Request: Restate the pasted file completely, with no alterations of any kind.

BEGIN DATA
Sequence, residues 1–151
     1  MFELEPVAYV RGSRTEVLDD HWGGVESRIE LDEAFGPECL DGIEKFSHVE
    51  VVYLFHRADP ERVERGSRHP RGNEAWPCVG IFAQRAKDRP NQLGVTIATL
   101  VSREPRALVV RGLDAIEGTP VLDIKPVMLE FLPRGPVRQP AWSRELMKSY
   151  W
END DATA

Sequence, residues 1–151
     1  MFELEPVAYV RGSRTEVLDD HWGGVESRIE LDEAFGPECL DGIEKFSHVE
    51  VVYLFHRADP ERVERGSRHP RGNEAWPCVG IFAQRAKDRP NQLGVTIATL
   101  VSREPRALVV RGLDAIEGTP VLDIKPVMLE FLPRGPVRQP AWSRELMKSY
   151  W